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The new movie with Tom Hanks as James Bond and the Catholic Church as SMERSH is about to hit the theatres, if you care. It is called Angels & Demons , or The Further Awful Disclosures of Maria Monk as told to Dan Brown and Exhibited in a Narrative of The Secret Deeds of the Roman Church .

From the indefatigable Catholic League for Civil and Religious Rights you can get a punchy pamphlet about the errors of the new film, as well as a pamphlet on its predecessor, The Da Vinci Code . If the Catholic League’s style is not to your taste and you’d prefer a suaver skewering of writer Dan Brown and director Ron Howard and their works and ways, one can be found in The New Yorker magazine, in Anthony Lane’s review of the first film back in 2006. It’s laugh-out-loud funny. (Personally, what disturbed me most in the first film was the hairstyle inflicted on star Tom Hanks: it was a sort of academician’s mullet that resembled nothing seen before on a human head.)

Judging by the trailer for the new film, the hair-stylists have solved that problem and Hanks is again tonsorially presentable, which is reassuring. I don’t mind Hollywood wasting its millions dramatizing ersatz history. At history they are supposed to be amateurs. At hair, however, they are supposed to be professionals. I don’t even mind so much the Catholic-bashing. They seem to have plenty of money to throw at the Catholic problem, but not much intelligence or artistry to spare in combating it. If people like these despise the Catholic Church, maybe the Church is doing something right.

Here is something weird, however. In search of some nighttime relaxation I was watching a pro basketball game on TV. The NBA playoffs are on, endlessly on, their slogan of “40 Games - 40 Nights” echoing (to what purpose I cannot imagine) the forty days and forty nights of ceaseless rain reported in the Book of Genesis. (“Still raining out there, honey?” “Watching basketball again, dear?”)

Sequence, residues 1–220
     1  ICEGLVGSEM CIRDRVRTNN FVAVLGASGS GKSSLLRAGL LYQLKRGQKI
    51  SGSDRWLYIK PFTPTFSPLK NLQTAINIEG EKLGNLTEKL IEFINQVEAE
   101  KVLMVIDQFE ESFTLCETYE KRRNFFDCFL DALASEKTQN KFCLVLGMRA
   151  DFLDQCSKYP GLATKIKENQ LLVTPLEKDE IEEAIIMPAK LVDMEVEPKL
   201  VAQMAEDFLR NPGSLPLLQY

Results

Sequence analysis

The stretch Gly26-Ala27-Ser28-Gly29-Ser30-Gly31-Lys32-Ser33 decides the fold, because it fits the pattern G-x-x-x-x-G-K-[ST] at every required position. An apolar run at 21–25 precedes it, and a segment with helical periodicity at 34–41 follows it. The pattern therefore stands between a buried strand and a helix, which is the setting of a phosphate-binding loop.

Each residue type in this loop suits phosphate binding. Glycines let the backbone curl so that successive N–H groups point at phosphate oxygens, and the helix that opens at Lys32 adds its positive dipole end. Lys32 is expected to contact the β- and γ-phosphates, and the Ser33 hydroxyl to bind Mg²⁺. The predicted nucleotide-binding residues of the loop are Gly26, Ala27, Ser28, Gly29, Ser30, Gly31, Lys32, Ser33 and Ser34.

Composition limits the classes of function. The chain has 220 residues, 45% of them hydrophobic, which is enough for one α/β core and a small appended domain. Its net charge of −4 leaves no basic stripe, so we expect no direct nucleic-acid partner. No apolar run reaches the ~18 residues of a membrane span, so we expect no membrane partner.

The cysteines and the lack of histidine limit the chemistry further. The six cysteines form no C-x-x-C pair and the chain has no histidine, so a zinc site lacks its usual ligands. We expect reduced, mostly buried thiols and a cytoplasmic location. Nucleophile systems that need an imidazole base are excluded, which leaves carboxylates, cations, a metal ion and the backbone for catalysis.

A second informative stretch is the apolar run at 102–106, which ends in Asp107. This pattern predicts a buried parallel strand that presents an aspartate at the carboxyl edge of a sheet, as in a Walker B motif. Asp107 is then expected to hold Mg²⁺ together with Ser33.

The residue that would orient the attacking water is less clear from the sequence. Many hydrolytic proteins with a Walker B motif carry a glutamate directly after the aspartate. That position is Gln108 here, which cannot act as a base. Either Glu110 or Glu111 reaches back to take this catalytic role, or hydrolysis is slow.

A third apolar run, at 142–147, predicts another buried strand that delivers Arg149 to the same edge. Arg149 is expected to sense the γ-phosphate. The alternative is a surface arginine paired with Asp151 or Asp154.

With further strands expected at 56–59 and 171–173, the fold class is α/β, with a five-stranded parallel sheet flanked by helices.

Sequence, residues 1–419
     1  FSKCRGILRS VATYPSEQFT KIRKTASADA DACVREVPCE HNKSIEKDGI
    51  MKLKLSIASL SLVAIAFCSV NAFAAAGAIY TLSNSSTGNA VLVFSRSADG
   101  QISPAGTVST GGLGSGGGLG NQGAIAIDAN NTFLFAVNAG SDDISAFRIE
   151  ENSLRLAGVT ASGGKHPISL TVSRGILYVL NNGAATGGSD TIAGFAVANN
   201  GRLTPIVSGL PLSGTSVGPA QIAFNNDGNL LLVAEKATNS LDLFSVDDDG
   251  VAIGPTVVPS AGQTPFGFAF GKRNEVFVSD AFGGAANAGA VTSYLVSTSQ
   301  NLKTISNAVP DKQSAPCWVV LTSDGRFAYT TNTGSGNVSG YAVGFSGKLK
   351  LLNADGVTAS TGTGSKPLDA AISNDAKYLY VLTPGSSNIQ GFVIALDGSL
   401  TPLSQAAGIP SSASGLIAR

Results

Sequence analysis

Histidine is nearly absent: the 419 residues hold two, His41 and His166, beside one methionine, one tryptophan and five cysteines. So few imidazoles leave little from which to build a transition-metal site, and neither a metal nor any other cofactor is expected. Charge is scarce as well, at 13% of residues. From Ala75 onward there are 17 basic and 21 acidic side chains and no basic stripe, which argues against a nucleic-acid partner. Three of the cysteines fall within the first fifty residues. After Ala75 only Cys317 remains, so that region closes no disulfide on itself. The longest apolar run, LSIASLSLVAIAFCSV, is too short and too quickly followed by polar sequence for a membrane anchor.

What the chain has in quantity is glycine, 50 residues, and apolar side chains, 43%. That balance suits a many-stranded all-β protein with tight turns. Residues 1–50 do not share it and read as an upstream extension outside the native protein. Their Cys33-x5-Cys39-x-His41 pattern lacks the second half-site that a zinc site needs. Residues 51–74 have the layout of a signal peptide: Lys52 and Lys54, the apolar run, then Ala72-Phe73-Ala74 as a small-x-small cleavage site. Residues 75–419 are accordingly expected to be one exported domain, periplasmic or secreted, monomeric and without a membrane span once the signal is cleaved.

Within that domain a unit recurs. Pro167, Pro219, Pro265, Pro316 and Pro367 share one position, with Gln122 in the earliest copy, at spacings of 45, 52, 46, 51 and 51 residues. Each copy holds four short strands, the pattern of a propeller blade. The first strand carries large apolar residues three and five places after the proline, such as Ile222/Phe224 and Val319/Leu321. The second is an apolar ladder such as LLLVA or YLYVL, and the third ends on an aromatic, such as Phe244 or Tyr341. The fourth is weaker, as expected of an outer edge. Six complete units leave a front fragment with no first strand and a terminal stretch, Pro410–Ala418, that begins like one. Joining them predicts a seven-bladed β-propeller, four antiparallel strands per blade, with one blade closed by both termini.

Innocently watching, as I say, the basketball game, I was treated to a bizarre vision that proved to be an advertisement for Angels & Demons & Basketball all at the same time. Thirty seconds of images flashed across the screen: a demonic mask—an athlete’s face—a priest—a point guard—LeBron—Hanks—Kobe—Hanks—a dunk, a flame, a dive, a whirl—with music rising and voices declaring that the world is waiting to hear the truth, the truth, the truth . . .  

At, David Griner describes it this way:

Here’s another case of strange marketing bedfellows, as TNT and Sony Pictures team up to cross-promote the NBA playoffs and the movie Angels & Demons . The resulting mashup is interesting and well-edited, if a bit disorienting. Personally, I think it would have been improved with a shot of LeBron James busting through the Papal enclave’s zone defense, dunking into a baptismal font and yelling that the Apostolic Palace is his house.

At Adfrreak it’s all about style. But what, if anything, is the substance? If the Hanks film is about one brave man’s struggle for truth and justice against an oppressive and murderous monolithic institution—I guess I’m not seeing immediately the validity of the willed parallelisms in this video commercial. In his intercut shots, Hanks the hero must struggle against villainous forces (we see sinister clerics, ancient parchments, sudden explosions). Meanwhile the athletes, in their intercut shots, jumping over and dunking on one another, are all heroes struggling against fellow heroes; there is not a villain, overt or covert, in the vicinity.

Perhaps the message that the promoters had in mind is that if you like NBA action you’ll like our movie’s action and vice versa. But NBA fans are quick—thirty seconds is enough for us to recognize that there is no symmetry between the products being peddled. Did I turn to my buddy and say, ‘Dude, we’ve gotta see that film”? No, I didn’t. I didn’t have a buddy with me. Had my buddy been with me, I would have said, “Dude, what a dumb commercial.”

Of course, to pronounce it dumb is not to pronounce it a failure. It got my attention—I’m telling you about it—and maybe it will sell a few tickets. But the attempt at a superficial parallelism between two products that have nothing in common so reeks of shoddy opportunism and careless cynicism that the deeper message is unmistakable: The promoters of the film don’t take their own film seriously, and we need not either.

Which, after all, is probably as it should be. But hey, Mister Advertiser, one thing: If you can’t respect the Church, and you can’t respect your film—you should, at least, respect the game.

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